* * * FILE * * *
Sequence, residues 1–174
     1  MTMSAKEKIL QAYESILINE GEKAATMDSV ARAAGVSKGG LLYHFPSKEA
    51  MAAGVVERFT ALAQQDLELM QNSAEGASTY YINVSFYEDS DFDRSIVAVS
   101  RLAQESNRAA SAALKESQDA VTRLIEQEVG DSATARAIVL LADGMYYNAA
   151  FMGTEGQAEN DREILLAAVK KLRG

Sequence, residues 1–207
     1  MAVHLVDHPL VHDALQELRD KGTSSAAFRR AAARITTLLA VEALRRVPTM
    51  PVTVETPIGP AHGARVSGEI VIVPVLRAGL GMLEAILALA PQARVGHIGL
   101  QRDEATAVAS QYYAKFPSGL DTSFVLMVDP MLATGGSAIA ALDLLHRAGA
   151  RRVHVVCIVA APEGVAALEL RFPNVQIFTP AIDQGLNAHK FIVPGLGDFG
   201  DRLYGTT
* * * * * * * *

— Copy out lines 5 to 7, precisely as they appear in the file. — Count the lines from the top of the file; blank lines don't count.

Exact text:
   151  FMGTEGQAEN DREILLAAVK KLRG

Sequence, residues 1–207
     1  MAVHLVDHPL VHDALQELRD KGTSSAAFRR AAARITTLLA VEALRRVPTM